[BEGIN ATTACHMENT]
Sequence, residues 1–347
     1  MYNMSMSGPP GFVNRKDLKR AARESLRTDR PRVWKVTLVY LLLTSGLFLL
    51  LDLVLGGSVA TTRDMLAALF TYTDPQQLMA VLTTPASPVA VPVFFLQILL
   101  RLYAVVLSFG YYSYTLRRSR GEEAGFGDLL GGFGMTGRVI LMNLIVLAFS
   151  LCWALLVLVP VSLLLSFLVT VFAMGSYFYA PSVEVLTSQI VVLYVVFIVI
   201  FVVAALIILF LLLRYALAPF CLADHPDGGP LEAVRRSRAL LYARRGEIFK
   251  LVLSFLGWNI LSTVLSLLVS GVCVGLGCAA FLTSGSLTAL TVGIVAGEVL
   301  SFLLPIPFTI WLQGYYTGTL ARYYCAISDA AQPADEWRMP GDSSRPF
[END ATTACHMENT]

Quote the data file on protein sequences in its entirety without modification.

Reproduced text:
Sequence, residues 1–347
     1  MYNMSMSGPP GFVNRKDLKR AARESLRTDR PRVWKVTLVY LLLTSGLFLL
    51  LDLVLGGSVA TTRDMLAALF TYTDPQQLMA VLTTPASPVA VPVFFLQILL
   101  RLYAVVLSFG YYSYTLRRSR GEEAGFGDLL GGFGMTGRVI LMNLIVLAFS
   151  LCWALLVLVP VSLLLSFLVT VFAMGSYFYA PSVEVLTSQI VVLYVVFIVI
   201  FVVAALIILF LLLRYALAPF CLADHPDGGP LEAVRRSRAL LYARRGEIFK
   251  LVLSFLGWNI LSTVLSLLVS GVCVGLGCAA FLTSGSLTAL TVGIVAGEVL
   301  SFLLPIPFTI WLQGYYTGTL ARYYCAISDA AQPADEWRMP GDSSRPF